I started reading The Book of Air and Shadows by Michael Gruber a couple days ago. But I'm done. I only got about forty pages into it. It was alright, but it wasn't good and life is finite.
My first warning sign was in a blurb on the back which touted it as being better than The DaVinci Code. I didn't really want to read anything that it would make sense to compare to The DaVinci Code. But I started it anyway. I'm not even 100% sure what it was about. It started as a tale told by a man hiding out from some bad people, explaining how he got into the situation. It's made clear an old, rare book was involved.
In the next chapter the perspective jumped to a man named Crosetti, a web manager for a rare book shop in Manhattan. This was the chapter with the damning sentence, the one that made me set down the book for good.
"Crosetti was working on a particularly tricky bit of hypertext markup language at the same time as he was thinking these amusing thoughts."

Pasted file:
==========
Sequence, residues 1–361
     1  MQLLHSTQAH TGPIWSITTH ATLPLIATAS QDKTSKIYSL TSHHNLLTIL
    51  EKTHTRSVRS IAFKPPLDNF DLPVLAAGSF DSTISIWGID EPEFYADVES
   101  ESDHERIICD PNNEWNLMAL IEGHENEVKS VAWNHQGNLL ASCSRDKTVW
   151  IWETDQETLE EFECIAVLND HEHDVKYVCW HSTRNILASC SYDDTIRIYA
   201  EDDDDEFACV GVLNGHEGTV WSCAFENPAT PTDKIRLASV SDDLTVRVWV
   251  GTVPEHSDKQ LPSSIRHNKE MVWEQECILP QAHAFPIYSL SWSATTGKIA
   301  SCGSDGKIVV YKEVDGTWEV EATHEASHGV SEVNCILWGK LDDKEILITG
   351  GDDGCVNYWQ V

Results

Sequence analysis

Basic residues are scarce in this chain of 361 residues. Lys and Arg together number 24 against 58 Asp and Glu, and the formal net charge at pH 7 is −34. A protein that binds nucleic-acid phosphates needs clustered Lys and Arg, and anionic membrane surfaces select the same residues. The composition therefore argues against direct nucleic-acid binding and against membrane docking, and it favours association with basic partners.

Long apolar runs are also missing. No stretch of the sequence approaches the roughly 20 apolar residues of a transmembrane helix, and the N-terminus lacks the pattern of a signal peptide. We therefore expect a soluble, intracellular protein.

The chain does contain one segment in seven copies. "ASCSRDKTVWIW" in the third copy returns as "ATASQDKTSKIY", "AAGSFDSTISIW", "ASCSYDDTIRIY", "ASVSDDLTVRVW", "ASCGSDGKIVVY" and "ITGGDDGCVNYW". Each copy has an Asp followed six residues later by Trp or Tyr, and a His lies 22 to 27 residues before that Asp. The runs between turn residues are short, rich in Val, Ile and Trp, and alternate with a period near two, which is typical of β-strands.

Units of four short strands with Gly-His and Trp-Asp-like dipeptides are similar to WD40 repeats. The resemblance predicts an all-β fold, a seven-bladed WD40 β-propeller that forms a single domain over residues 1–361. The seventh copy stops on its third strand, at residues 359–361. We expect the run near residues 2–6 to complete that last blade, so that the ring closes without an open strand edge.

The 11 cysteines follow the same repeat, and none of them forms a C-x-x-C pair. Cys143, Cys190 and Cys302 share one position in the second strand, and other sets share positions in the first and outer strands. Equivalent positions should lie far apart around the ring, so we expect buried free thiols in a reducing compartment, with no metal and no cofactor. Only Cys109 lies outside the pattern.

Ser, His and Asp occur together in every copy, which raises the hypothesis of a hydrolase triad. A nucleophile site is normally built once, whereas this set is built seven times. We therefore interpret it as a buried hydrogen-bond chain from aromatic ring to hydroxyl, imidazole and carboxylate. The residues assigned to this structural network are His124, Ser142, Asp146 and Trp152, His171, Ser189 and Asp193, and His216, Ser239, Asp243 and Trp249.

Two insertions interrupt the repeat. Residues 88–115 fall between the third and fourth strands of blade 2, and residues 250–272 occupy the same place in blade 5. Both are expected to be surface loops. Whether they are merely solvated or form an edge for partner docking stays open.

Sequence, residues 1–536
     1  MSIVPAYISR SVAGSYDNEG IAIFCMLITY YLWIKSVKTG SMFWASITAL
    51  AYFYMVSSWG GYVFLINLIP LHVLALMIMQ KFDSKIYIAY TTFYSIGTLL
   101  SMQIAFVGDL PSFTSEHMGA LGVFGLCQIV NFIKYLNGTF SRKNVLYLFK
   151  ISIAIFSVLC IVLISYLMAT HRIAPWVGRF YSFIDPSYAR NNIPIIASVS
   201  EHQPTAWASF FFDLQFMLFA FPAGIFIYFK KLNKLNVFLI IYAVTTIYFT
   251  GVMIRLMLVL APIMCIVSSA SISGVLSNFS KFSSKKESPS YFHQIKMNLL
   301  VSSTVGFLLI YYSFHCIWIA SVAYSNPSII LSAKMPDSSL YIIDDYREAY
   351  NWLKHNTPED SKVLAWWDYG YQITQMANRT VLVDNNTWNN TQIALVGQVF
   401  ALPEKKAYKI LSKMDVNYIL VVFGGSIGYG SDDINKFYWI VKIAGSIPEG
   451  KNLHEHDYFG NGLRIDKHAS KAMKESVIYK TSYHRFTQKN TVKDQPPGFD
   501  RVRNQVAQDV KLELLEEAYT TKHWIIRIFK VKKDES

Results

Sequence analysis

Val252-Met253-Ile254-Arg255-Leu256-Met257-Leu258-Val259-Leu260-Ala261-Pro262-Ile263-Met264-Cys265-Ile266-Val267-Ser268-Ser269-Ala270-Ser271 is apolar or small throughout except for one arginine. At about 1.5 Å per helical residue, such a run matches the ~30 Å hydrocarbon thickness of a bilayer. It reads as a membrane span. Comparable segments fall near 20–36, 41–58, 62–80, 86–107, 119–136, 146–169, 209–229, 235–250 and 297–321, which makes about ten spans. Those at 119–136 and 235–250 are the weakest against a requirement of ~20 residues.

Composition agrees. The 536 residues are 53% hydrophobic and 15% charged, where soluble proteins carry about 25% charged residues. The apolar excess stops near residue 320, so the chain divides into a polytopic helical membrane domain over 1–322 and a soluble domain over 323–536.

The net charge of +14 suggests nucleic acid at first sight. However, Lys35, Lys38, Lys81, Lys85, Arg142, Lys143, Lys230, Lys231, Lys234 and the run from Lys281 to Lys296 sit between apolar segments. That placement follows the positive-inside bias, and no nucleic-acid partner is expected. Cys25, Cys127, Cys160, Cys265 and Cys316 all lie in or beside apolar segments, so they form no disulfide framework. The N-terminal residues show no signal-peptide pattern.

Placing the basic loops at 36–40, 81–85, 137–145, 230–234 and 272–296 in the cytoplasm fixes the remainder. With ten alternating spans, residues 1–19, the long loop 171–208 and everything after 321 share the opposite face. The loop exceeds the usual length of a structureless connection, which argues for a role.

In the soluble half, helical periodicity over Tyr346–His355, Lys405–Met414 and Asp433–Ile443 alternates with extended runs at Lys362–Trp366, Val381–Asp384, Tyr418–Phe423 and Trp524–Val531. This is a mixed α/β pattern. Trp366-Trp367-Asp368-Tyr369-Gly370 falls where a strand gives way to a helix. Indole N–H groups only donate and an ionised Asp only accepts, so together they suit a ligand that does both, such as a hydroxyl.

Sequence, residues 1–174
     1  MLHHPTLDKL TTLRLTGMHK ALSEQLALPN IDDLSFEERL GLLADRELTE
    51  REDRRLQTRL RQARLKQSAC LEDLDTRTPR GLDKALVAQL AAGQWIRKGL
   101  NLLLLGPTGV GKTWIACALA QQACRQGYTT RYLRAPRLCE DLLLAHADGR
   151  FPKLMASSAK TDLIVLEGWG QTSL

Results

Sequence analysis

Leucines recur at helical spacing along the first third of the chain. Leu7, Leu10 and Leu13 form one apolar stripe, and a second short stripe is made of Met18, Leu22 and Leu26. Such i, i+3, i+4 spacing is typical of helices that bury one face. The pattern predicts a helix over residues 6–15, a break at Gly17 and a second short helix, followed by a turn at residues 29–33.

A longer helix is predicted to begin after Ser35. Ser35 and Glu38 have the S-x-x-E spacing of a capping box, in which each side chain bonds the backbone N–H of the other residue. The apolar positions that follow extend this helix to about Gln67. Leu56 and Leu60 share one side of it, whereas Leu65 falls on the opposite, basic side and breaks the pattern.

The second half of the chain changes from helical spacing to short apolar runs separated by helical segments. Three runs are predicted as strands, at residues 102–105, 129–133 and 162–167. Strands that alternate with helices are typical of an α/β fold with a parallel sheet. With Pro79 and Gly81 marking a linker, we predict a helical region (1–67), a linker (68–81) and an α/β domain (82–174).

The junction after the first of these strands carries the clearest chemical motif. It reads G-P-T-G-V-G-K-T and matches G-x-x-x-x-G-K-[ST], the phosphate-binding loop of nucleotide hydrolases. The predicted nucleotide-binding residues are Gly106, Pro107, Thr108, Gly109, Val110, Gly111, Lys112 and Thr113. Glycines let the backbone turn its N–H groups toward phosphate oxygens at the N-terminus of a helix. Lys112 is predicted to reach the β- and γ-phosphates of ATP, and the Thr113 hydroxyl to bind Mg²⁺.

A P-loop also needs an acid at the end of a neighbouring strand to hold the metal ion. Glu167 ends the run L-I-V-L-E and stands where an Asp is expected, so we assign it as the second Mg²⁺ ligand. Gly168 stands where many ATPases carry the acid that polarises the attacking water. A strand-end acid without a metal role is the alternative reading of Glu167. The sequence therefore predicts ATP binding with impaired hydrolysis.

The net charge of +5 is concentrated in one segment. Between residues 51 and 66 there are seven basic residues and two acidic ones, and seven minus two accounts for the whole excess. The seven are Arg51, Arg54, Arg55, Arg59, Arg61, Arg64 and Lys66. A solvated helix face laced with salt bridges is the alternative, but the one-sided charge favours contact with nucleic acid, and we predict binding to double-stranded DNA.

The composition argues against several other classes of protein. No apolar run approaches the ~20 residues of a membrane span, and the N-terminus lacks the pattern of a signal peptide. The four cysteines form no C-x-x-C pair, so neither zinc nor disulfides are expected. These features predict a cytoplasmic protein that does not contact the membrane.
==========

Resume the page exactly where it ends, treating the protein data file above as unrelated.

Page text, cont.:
No one on Earth says "hypertext markup language"!!! It's HTML, and furthermore, it's not even used as much anymore. And this book is only a couple years old. The sentence just looks like the result of a non-computer-programming author googling "what language is the internet in?" or something. Actually no, I just googled that question after typing it, and it doesn't produce any useful results. But you get my point. His non-expert status is so obvious, and it shouldn't be, when the character is meant to be a programmer.
I may run out to Borders tomorrow. There's one in the area that's still open, I think.